U.S. Sen. Elizabeth Warren, D-Mass., addresses the crowd during her appearance at the Netroots Nation conference in Detroit, Friday, July 18, 2014. Warren has captured the hearts of Democratic activists beginning to think about an heir to President Barack Obama. But their minds tell them that Hillary Rodham Clinton could help them hang onto the White House. (AP Photo/Detroit News, David Coates) DETROIT FREE PRESS OUT; HUFFINGTON POST OUT
An endorsement from Massachusetts Senator Elizabeth Warren doesn’t have quote the pull on voters.
David Coates/AP

Massachusetts Senator Elizabeth Warren has been trying to take her brand of liberal economic populism to the national level with a series of campaigning and fundraising stops across the country to promote Democratic candidates for Congress. But a new poll suggests Warren has some work to do if she wants to become a major national player.

A Politico poll asked registered voters: “How would a Warren endorsement of a candidate for Congress affect your likelihood to support that candidate?”

The answer was less than enthusiastic. Just 16 percent of voters would be more likely to support a Warren-endorsed candidate, while 26 percent would actually be less likely to do so. A third of the respondents said her endorsement would make no difference. Perhaps most importantly for her campaigning hopes, about one in five people said they’d never even heard of Warren.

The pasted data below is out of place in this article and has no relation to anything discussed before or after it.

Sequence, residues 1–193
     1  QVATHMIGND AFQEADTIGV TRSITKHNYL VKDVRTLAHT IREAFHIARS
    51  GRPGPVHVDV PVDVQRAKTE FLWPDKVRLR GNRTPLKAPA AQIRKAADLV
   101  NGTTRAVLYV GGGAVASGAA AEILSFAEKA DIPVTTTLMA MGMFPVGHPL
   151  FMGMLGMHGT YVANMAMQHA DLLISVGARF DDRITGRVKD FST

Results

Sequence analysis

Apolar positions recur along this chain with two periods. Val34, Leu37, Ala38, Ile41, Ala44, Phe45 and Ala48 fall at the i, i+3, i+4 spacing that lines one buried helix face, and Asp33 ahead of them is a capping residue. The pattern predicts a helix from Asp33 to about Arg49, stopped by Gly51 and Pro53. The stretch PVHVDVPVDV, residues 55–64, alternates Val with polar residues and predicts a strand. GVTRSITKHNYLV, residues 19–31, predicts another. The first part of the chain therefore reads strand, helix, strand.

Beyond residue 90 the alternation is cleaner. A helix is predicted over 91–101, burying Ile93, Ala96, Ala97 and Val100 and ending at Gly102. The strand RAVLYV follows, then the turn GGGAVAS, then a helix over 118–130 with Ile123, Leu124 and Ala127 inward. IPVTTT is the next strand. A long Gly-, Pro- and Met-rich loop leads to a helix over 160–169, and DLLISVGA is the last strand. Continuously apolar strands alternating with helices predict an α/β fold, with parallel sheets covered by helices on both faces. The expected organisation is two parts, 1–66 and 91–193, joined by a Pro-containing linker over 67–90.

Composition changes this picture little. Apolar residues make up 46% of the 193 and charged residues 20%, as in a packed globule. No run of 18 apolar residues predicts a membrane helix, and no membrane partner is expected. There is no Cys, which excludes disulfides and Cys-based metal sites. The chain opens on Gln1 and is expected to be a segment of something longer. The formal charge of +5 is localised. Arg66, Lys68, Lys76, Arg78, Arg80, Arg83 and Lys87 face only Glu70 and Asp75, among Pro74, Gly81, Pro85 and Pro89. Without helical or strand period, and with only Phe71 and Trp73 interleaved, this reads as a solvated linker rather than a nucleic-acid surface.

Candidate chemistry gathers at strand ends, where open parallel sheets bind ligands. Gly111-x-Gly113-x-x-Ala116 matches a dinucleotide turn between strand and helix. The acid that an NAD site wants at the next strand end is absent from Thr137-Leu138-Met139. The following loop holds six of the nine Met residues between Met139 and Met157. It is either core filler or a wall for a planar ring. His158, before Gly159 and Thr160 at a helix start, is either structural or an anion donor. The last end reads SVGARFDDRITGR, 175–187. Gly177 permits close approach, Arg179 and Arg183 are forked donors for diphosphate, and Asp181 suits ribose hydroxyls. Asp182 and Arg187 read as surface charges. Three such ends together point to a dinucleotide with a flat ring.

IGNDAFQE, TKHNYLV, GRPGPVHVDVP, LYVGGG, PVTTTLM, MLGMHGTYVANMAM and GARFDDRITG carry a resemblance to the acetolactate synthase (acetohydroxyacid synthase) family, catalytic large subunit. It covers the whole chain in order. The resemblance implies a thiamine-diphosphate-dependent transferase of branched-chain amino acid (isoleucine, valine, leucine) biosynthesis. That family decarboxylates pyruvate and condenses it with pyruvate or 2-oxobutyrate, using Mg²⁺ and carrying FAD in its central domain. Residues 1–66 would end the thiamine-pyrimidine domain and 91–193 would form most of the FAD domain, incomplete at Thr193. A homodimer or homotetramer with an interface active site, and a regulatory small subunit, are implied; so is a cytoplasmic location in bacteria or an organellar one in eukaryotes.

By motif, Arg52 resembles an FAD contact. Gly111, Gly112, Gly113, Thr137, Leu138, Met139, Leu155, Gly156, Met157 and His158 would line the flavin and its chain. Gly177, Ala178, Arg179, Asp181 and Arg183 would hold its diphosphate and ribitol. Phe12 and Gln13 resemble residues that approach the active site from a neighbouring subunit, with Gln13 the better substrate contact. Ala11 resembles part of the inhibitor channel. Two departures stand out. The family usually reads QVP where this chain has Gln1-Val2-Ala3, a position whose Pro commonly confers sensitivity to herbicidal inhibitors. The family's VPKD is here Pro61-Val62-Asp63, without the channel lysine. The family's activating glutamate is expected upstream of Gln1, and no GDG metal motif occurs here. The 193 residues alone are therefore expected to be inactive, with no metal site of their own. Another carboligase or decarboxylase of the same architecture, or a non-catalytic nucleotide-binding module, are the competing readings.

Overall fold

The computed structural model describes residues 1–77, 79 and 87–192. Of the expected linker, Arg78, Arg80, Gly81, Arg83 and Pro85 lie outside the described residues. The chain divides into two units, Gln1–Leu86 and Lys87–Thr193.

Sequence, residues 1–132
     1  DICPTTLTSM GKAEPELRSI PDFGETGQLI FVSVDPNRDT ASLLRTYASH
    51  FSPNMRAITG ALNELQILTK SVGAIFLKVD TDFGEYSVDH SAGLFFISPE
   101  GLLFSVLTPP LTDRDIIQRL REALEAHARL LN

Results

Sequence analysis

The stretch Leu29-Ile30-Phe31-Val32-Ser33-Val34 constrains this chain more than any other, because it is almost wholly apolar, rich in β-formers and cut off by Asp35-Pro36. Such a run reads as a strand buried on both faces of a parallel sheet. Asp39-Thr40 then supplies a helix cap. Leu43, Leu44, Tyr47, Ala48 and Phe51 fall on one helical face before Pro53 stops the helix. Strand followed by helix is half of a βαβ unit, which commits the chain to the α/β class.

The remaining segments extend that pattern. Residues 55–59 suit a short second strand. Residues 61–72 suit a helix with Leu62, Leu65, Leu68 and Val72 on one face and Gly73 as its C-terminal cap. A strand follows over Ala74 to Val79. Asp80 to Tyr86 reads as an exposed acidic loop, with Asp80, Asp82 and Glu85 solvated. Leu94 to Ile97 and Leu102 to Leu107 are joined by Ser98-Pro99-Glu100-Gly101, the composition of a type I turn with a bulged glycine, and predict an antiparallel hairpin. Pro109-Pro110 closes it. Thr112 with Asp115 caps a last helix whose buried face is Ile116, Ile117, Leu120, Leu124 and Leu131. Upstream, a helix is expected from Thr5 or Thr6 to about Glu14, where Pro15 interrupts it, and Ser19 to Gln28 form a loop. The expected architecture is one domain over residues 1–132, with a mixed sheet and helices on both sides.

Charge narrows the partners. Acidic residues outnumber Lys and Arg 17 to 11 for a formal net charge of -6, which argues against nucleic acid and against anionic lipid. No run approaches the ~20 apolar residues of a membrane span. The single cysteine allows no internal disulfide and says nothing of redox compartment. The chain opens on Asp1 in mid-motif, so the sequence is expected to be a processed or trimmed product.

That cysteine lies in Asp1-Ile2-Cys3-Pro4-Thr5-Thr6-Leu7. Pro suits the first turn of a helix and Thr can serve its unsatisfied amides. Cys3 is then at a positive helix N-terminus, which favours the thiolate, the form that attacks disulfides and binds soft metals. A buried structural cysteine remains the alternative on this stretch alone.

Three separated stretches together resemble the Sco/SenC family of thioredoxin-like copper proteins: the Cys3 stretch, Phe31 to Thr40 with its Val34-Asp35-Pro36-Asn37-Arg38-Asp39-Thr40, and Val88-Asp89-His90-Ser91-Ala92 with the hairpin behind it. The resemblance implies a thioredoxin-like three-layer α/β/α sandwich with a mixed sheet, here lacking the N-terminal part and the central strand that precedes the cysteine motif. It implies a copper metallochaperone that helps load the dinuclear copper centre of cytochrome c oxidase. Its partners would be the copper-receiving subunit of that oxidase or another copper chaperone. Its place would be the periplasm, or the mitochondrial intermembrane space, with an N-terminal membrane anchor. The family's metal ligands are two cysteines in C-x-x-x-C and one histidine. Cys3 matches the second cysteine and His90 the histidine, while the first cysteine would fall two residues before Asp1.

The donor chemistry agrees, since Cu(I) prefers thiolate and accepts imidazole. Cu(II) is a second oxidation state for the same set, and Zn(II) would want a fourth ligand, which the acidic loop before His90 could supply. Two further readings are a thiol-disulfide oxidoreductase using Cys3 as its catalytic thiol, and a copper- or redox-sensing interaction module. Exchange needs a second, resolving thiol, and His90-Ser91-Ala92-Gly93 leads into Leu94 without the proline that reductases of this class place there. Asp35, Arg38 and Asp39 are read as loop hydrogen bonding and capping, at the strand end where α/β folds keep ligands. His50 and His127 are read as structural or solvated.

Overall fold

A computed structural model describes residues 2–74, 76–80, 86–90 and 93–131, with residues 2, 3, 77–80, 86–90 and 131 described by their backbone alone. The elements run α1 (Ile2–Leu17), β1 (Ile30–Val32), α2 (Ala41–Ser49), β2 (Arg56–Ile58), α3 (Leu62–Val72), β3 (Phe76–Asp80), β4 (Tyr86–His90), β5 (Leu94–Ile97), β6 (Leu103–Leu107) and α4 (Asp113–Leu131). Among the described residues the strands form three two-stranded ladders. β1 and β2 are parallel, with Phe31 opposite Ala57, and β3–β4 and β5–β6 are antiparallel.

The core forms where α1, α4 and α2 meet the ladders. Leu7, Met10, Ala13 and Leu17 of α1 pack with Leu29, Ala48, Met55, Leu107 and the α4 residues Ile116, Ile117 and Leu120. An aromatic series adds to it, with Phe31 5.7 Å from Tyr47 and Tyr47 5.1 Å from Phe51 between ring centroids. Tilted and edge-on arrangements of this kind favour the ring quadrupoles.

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The 16 percent of people who are positively influenced by a Warren endorsement was the lowest percentage of all the Democrats in the poll. Endorsements from both Clintons, President Obama, and Vice President Biden had bigger impacts than Warren’s. That’s certainly lofty company, and perhaps an unfair baseline of comparison for a first-term senator. Yet it still underscores her limited national appeal thus far.

In addition, that 16 percent tends to be very liberal ideologically, and Warren has proven herself a celebrity among those on the political left. FiveThirtyEight’s Harry Enten noted that Warren would be one of the most liberal presidential candidates if she were to win the Democratic nomination, but that center-left Democrats wouldn’t be so quick to support her.

“The clamoring for Warren to run in 2016 doesn’t go much beyond the progressive wing of the Democratic Party,” Enten wrote.